Tunica Hills Wildlife Management Area
Terrain of the area is typified by rugged hills, bluffs and ravines. The area lies at the southern end of the Loess Blufflands escarpment that follows the east bank of the Mississippi River south from its confluence with the Ohio River. These bluff lands offer a diverse habitat that supports some species of plants and animals not found elsewhere in Louisiana.
The forest type on the area is classified as upland hardwood, with some loblolly pine and eastern red cedar mixed in on the ridge tops and creek terraces. Hardwoods include American beech; American holly; flowering magnolia; cherrybark, water, and cow oak; hickory; sweetgum; Osage orange; hackberry; eastern hophornbeam; ironwood; yellow poplar; elm; and maple. The understory varies from dense in younger areas of timber to fairly open in older areas. Common understory species are oak leaf hydrangea, two-winged silverbell, trifoliate orange, pawpaw, flowering dogwood, sweetleaf, spicebush, blackberry, and switchcane. At least 20 species of plants classified as rare in Louisiana are found on this area; two of these species have not been found anywhere else in the state.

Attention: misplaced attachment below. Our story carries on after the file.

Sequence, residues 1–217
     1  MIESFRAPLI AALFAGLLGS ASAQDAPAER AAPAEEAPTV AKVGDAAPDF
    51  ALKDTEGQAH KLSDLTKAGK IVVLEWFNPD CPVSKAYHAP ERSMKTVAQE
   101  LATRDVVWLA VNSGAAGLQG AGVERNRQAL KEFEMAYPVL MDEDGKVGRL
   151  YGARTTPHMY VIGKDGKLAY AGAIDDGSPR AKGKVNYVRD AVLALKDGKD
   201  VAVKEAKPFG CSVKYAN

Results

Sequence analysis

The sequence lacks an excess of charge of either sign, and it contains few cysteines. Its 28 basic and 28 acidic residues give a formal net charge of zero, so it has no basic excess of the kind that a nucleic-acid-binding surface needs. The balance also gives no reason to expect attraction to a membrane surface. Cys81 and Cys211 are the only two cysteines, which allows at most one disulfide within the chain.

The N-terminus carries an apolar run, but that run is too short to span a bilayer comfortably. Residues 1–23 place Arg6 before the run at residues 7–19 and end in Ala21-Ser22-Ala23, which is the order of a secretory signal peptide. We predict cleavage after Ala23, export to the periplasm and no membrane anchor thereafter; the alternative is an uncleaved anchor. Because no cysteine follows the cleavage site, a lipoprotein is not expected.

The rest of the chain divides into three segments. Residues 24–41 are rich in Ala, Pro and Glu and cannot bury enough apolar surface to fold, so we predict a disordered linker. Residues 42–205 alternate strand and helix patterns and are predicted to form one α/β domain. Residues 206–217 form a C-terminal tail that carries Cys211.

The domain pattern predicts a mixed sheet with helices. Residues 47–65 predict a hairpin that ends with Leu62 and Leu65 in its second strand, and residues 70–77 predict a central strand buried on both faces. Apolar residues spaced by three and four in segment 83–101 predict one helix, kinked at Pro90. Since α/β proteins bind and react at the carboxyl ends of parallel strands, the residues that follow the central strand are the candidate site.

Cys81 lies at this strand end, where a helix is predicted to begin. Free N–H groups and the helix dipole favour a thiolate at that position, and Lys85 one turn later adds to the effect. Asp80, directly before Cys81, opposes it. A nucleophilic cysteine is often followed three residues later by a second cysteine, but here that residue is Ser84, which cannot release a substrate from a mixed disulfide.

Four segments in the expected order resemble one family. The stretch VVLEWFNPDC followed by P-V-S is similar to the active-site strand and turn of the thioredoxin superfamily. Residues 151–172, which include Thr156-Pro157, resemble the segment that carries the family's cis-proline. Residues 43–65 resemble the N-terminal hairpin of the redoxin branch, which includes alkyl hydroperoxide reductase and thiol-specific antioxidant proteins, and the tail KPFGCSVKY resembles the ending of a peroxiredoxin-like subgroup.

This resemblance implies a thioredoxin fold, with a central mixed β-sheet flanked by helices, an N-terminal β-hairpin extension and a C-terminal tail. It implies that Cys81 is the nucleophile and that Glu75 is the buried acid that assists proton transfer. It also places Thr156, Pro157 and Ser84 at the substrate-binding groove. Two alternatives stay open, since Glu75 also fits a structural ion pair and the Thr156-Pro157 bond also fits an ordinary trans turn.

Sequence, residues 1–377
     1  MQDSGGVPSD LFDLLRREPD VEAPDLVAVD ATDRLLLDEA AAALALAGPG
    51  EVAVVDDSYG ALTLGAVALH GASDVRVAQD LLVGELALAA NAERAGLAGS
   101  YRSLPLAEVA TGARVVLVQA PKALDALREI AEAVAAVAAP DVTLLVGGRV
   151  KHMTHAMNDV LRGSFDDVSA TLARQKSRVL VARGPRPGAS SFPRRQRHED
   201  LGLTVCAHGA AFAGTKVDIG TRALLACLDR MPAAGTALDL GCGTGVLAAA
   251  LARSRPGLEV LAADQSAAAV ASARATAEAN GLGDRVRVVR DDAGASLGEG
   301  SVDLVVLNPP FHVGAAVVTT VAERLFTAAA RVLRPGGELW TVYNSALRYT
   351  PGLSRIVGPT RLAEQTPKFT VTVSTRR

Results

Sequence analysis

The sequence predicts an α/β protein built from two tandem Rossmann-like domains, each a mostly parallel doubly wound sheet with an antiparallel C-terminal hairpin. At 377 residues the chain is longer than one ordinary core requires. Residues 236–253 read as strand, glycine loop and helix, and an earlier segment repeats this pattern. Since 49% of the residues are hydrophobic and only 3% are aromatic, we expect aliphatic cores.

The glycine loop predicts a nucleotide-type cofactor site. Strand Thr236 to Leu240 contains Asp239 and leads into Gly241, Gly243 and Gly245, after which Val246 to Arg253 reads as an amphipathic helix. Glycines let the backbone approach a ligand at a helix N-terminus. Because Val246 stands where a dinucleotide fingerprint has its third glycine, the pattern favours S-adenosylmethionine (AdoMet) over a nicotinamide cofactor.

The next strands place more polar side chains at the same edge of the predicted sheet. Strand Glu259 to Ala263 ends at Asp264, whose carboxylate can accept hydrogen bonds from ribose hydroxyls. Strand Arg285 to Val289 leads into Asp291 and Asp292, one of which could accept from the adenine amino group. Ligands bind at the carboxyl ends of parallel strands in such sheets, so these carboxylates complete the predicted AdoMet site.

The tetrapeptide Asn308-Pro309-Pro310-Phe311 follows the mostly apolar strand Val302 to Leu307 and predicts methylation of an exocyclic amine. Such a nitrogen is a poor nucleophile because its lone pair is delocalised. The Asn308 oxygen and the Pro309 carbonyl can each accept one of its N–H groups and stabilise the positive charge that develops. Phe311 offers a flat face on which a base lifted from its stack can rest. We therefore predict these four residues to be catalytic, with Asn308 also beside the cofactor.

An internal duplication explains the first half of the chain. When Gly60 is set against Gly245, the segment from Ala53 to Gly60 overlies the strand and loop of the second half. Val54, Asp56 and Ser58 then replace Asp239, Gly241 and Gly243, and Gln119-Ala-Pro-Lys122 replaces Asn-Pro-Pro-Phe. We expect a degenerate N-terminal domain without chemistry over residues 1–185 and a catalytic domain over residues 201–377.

Tuncia Hills WMA is open to a variety of outdoor recreational activities including: Hunting & trapping, birdwatching, camping hiking, horseback riding, and bike riding.
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